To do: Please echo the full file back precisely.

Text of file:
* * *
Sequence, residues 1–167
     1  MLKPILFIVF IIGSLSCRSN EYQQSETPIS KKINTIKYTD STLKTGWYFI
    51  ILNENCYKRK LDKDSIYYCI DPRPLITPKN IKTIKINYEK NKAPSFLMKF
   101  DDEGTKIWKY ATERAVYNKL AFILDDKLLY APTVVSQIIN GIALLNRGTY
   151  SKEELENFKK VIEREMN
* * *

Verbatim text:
Sequence, residues 1–167
     1  MLKPILFIVF IIGSLSCRSN EYQQSETPIS KKINTIKYTD STLKTGWYFI
    51  ILNENCYKRK LDKDSIYYCI DPRPLITPKN IKTIKINYEK NKAPSFLMKF
   101  DDEGTKIWKY ATERAVYNKL AFILDDKLLY APTVVSQIIN GIALLNRGTY
   151  SKEELENFKK VIEREMN